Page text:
My employer wants me to donate money to its endowment. There is a big campaign to get at least half of the faculty here to contribute. I find this silly. Employers pay workers, not vice versa. As I see it, I would essentially be saying, "No, no, no, you pay me too much. Here is some of that money back so that you can do other things besides paying me." I think my logic holds regardless of institution type, but it's worth looking at how things might differ. I work at a public liberal arts college. We are, in part, funded by state monies (although, the control the state wields over us is far disproportionate to that meager--and shrinking--financing). If the people of this state, as represented by their elected officials, want state institutions to compete with private and out-of-state institutions, they need to mandate more funding, including that for higher salaries to recruit and retain qualified and prestigious professors. A similar argument holds, though, for private institutions. Their alumni tend to have deep pockets. Hit them up for more donations, not your workers. Overall, I find it perverse that employees should be asked to shoulder any burden. To suggest anything else is hegemonic at best and coercive at worst. Do not misunderstand; I firmly believe in the mission of this institution (at least as it is on paper if not in practice), but that does not change the economic relationship that is inherent to any work-related situation. Then again, this is the same system that forced me to take two weeks worth of unpaid furlough days a couple years ago.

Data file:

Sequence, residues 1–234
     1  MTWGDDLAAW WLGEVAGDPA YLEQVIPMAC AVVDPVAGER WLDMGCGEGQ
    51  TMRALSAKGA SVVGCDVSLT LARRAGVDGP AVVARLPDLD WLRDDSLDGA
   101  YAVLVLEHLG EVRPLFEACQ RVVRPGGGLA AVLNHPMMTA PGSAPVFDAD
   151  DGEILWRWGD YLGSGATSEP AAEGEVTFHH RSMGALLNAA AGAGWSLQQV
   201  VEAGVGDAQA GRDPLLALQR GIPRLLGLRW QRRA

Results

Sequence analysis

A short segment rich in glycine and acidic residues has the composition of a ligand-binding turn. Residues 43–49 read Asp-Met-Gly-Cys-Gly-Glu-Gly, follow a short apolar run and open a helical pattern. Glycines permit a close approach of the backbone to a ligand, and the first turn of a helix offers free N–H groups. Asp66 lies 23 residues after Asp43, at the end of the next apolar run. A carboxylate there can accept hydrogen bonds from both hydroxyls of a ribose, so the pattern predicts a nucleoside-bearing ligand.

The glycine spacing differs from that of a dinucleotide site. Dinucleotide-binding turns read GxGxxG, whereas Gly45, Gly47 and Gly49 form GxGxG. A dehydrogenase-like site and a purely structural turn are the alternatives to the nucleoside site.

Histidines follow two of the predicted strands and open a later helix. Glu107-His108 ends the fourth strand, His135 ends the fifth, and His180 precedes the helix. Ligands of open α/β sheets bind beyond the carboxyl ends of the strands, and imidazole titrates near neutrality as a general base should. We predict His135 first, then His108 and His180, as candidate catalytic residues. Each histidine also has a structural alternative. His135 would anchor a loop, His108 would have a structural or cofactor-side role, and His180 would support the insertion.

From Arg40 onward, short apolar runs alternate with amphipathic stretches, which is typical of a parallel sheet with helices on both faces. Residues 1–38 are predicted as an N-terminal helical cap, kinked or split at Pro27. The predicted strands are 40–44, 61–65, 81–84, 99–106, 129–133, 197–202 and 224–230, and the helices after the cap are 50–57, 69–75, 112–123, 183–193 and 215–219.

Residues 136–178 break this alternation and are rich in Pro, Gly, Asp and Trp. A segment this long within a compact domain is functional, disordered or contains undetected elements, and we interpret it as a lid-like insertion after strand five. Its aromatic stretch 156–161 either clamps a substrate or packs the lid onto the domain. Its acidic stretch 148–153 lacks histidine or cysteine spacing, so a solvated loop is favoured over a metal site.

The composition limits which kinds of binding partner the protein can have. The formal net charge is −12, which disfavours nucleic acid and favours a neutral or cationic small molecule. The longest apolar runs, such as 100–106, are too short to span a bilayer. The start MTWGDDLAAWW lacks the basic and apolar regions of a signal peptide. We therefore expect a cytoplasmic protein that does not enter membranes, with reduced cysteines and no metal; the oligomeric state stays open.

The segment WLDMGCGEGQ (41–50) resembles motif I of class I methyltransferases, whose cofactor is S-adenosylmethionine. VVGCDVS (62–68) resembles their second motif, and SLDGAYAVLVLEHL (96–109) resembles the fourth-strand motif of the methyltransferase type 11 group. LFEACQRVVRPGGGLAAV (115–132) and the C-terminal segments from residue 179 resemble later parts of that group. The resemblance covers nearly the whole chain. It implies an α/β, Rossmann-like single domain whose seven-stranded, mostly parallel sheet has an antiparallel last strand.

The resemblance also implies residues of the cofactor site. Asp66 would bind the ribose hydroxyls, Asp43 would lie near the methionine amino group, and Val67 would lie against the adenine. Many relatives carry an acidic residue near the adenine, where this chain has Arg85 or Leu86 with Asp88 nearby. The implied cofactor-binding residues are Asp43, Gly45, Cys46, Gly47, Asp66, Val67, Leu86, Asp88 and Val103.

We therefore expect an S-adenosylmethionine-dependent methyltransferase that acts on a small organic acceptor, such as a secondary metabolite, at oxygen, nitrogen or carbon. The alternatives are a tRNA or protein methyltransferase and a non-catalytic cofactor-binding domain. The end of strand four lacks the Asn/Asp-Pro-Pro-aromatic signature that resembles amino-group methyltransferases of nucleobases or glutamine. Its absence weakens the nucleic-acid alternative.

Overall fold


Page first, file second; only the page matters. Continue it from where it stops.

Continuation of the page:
Post a Comment